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Old 10-29-2008, 02:26 PM   #31 (permalink)
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As I'm fairly new to this group, I didn't check to see if this topic had been dealt with before. I just looked. Yeeeha! Y'all been down this road before back in May and June! I shoulda known! I see some of the same handles... and arguments. Some interesting data has come out, now and back then. Good stuff to file away. I doubt we'll reach a consensus here (one could say there's no such thing as a "consensus" on physics and science anyway... it's either correct or not ), but it's sure a fun road to ride down... whether your tires are overinflated or not!

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My ultimate goal is not necessarily the highest mpg but to make my trucks more efficient configured as I need them.

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Red '00 Honda Accord Coupe, 3.0L V6, automatic

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Old 10-29-2008, 02:30 PM   #32 (permalink)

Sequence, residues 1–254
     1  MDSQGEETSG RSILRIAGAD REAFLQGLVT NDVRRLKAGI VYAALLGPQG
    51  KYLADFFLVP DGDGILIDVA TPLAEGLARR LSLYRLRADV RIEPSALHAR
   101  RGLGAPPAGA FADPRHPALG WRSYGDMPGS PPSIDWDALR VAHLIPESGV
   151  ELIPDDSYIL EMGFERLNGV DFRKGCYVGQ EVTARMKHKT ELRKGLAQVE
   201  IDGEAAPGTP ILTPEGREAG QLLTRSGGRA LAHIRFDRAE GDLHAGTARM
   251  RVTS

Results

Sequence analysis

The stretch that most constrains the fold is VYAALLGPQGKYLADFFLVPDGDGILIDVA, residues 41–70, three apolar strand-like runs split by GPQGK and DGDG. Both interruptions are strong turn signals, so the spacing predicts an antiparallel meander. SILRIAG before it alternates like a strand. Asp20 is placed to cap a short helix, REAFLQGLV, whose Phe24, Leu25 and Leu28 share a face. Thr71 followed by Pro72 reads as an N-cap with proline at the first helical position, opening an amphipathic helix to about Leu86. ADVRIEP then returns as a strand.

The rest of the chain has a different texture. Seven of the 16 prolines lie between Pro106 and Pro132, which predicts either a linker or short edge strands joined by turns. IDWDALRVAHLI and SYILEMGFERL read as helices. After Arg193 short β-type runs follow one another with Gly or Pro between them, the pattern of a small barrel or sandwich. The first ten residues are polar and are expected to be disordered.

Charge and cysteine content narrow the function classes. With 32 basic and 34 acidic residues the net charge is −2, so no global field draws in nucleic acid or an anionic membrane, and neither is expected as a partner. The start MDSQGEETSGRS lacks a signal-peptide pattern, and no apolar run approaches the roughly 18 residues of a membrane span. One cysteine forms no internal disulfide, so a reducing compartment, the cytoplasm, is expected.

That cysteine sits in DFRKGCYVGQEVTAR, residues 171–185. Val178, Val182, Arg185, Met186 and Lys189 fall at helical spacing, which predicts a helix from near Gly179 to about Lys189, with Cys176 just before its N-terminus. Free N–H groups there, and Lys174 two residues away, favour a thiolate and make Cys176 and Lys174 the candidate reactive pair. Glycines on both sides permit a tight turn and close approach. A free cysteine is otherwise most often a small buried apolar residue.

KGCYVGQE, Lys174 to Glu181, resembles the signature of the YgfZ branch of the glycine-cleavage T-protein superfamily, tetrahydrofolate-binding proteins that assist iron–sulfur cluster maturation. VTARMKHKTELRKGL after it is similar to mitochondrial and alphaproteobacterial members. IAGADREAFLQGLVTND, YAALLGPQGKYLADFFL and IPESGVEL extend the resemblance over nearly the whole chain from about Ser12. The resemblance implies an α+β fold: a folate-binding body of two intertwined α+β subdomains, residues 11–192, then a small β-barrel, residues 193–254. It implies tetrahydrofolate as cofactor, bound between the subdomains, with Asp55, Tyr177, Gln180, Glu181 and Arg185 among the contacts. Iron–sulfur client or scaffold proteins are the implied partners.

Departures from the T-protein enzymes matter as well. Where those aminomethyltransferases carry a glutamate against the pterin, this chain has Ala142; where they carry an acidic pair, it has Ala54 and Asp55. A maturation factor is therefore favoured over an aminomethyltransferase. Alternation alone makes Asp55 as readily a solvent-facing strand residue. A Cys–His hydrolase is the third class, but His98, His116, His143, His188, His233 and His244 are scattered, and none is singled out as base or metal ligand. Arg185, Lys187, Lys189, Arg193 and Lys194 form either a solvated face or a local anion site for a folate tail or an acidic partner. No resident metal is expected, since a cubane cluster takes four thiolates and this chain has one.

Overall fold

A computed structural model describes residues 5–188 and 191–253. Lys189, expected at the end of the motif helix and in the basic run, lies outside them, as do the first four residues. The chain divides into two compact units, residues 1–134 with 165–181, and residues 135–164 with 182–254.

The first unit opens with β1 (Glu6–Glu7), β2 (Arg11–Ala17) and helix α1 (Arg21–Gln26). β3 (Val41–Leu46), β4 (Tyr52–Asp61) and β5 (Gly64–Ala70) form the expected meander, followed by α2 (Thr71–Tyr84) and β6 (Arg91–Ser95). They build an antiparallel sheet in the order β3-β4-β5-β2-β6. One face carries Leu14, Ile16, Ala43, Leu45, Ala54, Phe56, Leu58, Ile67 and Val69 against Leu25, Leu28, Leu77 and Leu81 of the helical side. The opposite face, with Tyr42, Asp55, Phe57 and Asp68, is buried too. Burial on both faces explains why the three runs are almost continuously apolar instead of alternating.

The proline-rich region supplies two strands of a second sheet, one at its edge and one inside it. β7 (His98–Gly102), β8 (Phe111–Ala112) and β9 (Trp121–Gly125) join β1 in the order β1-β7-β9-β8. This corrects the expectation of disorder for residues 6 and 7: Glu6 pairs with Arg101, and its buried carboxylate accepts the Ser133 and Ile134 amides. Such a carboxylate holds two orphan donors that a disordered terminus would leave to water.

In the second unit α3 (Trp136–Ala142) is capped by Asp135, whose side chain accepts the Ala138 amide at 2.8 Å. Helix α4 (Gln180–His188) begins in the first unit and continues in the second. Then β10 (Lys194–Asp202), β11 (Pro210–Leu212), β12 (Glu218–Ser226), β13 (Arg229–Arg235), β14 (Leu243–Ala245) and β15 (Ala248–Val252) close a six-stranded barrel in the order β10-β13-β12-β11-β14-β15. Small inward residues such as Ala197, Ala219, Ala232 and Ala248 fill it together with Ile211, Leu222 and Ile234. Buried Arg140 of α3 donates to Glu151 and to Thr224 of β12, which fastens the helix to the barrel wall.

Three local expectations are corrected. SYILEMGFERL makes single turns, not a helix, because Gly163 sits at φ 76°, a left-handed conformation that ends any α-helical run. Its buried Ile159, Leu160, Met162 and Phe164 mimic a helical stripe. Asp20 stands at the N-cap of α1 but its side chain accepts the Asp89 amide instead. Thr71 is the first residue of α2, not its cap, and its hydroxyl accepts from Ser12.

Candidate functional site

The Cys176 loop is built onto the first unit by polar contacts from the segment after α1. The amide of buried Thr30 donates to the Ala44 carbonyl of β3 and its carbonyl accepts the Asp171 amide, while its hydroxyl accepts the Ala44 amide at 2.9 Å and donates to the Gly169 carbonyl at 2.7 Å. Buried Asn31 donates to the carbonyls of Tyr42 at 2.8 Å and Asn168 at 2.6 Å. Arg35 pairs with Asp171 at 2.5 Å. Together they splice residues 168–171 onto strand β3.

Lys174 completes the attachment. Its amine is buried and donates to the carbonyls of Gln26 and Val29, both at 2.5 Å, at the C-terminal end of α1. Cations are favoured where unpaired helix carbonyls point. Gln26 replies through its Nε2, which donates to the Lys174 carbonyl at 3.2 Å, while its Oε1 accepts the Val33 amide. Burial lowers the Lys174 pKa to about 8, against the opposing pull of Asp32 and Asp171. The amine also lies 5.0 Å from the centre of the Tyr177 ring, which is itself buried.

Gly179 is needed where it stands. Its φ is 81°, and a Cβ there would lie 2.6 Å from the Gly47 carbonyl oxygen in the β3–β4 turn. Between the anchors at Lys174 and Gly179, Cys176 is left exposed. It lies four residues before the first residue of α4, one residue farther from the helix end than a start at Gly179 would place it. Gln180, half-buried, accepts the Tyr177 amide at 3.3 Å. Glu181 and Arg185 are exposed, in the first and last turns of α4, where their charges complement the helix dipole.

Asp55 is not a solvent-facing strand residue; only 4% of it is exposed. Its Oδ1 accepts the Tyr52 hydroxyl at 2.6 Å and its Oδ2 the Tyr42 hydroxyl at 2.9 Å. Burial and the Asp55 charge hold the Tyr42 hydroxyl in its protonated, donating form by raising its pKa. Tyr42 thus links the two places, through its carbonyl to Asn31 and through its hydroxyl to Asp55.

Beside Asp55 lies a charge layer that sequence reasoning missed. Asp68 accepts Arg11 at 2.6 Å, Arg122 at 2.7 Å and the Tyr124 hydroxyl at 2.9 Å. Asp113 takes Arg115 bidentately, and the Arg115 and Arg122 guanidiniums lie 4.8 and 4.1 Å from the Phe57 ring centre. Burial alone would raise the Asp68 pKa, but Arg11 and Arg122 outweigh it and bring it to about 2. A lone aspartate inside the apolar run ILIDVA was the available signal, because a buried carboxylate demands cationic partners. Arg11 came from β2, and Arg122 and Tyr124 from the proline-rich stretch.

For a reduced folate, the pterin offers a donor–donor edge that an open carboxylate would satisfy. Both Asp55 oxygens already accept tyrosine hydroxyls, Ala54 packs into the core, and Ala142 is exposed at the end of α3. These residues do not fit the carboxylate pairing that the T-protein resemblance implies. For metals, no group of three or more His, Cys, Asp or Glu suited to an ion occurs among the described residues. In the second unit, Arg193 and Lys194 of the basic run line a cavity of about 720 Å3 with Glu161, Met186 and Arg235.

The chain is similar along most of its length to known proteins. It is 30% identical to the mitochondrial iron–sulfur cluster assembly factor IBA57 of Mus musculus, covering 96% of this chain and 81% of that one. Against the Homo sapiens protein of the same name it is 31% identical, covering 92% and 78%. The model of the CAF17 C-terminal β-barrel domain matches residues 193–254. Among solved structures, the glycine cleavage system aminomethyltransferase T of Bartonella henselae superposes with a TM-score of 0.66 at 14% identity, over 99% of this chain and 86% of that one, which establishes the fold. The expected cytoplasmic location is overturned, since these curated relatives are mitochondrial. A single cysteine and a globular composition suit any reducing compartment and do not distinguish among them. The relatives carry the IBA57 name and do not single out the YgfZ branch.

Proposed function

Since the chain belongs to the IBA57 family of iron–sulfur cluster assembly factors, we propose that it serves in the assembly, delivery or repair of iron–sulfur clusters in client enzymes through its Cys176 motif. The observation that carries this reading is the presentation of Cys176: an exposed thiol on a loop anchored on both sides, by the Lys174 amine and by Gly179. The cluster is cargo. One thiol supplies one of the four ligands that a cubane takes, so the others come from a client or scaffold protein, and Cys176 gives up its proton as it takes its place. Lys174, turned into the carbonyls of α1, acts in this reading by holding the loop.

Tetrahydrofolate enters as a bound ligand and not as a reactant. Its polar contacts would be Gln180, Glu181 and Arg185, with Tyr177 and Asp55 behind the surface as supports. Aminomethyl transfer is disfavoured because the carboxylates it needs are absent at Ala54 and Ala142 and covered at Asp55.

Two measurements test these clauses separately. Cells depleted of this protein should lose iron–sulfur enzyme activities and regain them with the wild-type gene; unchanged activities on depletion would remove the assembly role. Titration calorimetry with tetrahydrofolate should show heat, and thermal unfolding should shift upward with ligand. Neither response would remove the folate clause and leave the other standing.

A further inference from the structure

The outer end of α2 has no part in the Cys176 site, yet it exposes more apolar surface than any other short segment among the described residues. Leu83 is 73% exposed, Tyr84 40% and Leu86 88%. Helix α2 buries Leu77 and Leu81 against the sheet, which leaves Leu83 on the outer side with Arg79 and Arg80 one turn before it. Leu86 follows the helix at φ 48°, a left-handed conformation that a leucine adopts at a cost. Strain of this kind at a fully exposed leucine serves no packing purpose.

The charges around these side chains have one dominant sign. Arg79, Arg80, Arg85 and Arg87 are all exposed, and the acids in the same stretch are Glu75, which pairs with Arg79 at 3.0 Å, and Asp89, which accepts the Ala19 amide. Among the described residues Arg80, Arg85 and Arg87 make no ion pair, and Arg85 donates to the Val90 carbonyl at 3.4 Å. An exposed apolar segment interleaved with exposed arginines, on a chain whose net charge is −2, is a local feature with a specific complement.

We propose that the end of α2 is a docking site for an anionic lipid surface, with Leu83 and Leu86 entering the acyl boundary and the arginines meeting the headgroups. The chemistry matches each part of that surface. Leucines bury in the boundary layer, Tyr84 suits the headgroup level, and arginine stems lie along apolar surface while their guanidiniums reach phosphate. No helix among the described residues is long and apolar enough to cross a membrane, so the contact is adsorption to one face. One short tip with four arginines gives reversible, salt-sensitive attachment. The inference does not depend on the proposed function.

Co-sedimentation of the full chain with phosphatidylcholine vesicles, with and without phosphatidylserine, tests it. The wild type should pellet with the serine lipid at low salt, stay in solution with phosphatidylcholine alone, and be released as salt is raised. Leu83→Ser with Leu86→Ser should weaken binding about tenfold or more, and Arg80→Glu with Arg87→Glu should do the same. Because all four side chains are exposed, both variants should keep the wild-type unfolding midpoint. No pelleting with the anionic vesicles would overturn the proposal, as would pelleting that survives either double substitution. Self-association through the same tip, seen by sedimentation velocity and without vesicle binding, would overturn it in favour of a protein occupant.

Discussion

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Yes, this one is quite the can of worms. All i have is a few years of experience in racing and tuning tire pressures for heresay, and all "they" have is data saying that underinflation is no good. Believe neither of us till one of us comes up with a repeatable, properly conducted test. I'm hoping to have a G-force meter next year. I'll use it IN MY STREET VEHICLE to prove one of us wrong.
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Old 10-29-2008, 02:32 PM   #33 (permalink)
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Quote:
Originally Posted by Denis View Post
Guys, I quit Ecomodders !

People who tell you that WAY overinflated tires dont wear abnormally are dreamers, liars or drive like grandma. Wanna really saves ga ? Remove the brakes from your car -thy're HEAVY - the handbrake will do...

NO, I quit THIS list, serious, evolving discussion does not seem possible here. It's like those HHO lists where people claim to ignore thesecond law of thermodynamics abd make a perpetual motion machine...cause they wanna !